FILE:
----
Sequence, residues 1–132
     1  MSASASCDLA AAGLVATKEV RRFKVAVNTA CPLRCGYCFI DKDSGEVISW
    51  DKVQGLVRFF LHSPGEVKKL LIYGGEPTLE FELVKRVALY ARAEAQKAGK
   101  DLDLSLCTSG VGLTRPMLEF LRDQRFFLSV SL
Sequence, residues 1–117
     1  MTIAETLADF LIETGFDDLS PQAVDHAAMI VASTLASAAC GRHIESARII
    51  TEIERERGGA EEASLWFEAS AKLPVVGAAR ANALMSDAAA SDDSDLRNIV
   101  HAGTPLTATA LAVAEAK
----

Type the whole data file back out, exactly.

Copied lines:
Sequence, residues 1–132
     1  MSASASCDLA AAGLVATKEV RRFKVAVNTA CPLRCGYCFI DKDSGEVISW
    51  DKVQGLVRFF LHSPGEVKKL LIYGGEPTLE FELVKRVALY ARAEAQKAGK
   101  DLDLSLCTSG VGLTRPMLEF LRDQRFFLSV SL
Sequence, residues 1–117
     1  MTIAETLADF LIETGFDDLS PQAVDHAAMI VASTLASAAC GRHIESARII
    51  TEIERERGGA EEASLWFEAS AKLPVVGAAR ANALMSDAAA SDDSDLRNIV
   101  HAGTPLTATA LAVAEAK